... Hopefully, better than I am.
The Mooch moved to New York City from Arizona in the last week of December in 2008. The Mooch shares a full-size bed with my roommate, who has been a close friend of hers since high school. The Mooch does not allow my roommate's own dog sit on or sleep in my roommate's own bed in the apartment for which The Mooch does NOT share equal financial responsibility. The Mooch's best friend lives in Harlem, but - regarding location - our Hell's Kitchen apartment is more convenient for The Mooch. The Mooch still lives with us (note the date of this blog post).
The direct fault I carry in this situation was believing that the best friend of The Mooch - and mutual friend of ours - was completely out of line for initially wanting to charge The Mooch $600/month to share the mutual friend's $1200-studio in Harlem. I wrongfully thought that the mutual friend was trying to take advantage of The Mooch's unstable relocation situation and wanted to profit from having The Mooch stay with her. In all actuality, the mutual friend was fairly requesting upfront that The Mooch assume equal financial responsibility for the space they would have shared. She was well within her rights - as both a New Yorker and as a friend.
However, my roommate and I - initially and foolishly finding it harsh to charge The Mooch immediately upon her arrival in the city (even though millions of other NYC transplants begin paying outrageous amounts for a roof over their heads the moment they change their zip code) - offered to let The Mooch stay in our Midtown apartment under the following conditions:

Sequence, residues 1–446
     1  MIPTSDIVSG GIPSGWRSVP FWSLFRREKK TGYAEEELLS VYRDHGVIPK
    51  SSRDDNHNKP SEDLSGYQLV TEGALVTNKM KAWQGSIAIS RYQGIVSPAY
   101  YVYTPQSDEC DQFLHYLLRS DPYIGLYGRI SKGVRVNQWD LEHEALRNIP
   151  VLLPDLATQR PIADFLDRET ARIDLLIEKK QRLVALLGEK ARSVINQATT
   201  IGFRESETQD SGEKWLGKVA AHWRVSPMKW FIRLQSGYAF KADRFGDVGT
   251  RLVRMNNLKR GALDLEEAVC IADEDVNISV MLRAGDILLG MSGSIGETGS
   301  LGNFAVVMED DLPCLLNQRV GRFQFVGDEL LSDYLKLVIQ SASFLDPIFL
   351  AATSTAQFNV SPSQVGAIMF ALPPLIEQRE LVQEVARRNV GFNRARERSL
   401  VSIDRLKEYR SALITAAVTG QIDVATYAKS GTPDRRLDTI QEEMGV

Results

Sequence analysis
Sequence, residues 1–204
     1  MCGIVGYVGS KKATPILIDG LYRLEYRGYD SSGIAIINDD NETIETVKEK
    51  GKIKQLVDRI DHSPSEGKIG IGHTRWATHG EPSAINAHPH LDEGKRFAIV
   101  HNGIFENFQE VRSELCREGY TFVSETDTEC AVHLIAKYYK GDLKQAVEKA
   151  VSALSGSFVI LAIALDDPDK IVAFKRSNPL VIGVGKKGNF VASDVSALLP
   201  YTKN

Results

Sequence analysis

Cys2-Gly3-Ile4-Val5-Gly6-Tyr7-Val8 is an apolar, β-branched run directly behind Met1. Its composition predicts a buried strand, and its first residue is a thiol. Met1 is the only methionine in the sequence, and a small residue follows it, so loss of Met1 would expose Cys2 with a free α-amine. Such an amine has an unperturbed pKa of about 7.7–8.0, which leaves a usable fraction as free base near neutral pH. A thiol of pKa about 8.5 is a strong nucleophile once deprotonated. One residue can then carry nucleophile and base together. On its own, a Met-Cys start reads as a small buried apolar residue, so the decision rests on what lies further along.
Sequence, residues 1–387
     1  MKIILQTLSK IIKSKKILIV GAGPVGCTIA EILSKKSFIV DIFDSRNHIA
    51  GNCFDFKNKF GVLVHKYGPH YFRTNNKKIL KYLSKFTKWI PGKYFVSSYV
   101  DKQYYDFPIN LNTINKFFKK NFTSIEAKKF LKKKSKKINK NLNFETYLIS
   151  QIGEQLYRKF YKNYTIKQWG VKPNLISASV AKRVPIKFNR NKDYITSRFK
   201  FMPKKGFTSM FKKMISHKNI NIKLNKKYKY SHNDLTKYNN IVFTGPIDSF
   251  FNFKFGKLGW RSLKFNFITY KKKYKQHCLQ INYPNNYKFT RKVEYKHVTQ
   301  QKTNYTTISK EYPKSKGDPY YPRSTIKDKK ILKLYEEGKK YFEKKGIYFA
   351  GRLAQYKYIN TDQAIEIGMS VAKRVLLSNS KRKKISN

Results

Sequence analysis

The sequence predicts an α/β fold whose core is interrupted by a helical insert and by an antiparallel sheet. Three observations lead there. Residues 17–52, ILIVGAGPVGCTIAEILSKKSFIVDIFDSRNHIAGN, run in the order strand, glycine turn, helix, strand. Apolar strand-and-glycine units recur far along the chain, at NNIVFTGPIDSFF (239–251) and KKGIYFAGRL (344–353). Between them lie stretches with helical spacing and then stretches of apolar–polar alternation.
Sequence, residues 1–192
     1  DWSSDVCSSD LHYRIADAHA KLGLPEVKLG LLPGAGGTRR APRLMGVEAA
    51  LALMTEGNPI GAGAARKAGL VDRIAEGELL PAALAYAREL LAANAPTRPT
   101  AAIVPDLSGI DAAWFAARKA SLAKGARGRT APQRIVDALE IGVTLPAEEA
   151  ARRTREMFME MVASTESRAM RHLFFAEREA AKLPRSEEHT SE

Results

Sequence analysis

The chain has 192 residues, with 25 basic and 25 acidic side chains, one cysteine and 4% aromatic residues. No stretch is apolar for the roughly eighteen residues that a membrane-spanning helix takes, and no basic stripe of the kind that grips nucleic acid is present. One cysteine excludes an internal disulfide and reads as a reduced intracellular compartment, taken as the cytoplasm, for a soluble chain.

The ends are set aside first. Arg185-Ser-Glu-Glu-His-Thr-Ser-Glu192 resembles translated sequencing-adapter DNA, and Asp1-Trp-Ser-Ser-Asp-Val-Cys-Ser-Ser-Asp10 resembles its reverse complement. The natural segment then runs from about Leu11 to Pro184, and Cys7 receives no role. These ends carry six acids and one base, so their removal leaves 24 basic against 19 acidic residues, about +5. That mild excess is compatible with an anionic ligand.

1) She could stay with us as long as she needed.
2) She could sleep in my roommate's bed (with my roommate) regularly; she and her boyfriend could sleep on my couch whenever he wanted to stay over; she and her boyfriend could use my room whenever I was out of town as long as they washed the sheets before I returned.
3) She should start contributing financially as soon as she could.
Number 3 was where we went wrong. The Mooch moved in the last week of December in 2008. By May 2009, she had still been unable to secure full-time employment, yet refused to consider waitressing, retail or other gigs not befitting "a recent college graduate." By June 2009, she had been living with us rent-free for five months.
Things I Now Know Since The Mooch Moved in Six Months Ago
1) After one month - or even just two weeks of staying in our $2500-month, 600-square foot, two-bedroom apartment in Midtown - The Mooch was no longer a guest; she was living with us.
2) Once she began forwarding her mail and listing our address on West 51st Street as her own - The Mooch was no longer a guest; she was living with us.
3) Once I began overhearing her tell friends on the phone, "I'm back at my apartment now," - The Mooch was no longer a guest; she was living with us.
4) Once she began asking me and my roommate if her out-of-town friends could stay at our apartment during their NYC visit - The Mooch was no longer a guest; she was living with us.
5) Once The Mooch stopped allowing my roommate's own dog into my roommate's own bed - The Mooch was no longer a guest; she was living with us.
6) I should not have assumed that The Mooch would have a personal sense of self-accountability for the space she shared with us.
7) I should not have assumed that this said self-accountability would compel The Mooch to feel responsible for contributing to the rent within 1-2 months (maybe even three, tops).